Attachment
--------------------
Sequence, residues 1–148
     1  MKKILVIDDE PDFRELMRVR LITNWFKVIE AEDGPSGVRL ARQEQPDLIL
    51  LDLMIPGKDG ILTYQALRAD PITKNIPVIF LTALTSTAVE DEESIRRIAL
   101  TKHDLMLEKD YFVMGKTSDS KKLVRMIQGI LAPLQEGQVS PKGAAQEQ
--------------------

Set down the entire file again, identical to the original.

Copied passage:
Sequence, residues 1–148
     1  MKKILVIDDE PDFRELMRVR LITNWFKVIE AEDGPSGVRL ARQEQPDLIL
    51  LDLMIPGKDG ILTYQALRAD PITKNIPVIF LTALTSTAVE DEESIRRIAL
   101  TKHDLMLEKD YFVMGKTSDS KKLVRMIQGI LAPLQEGQVS PKGAAQEQ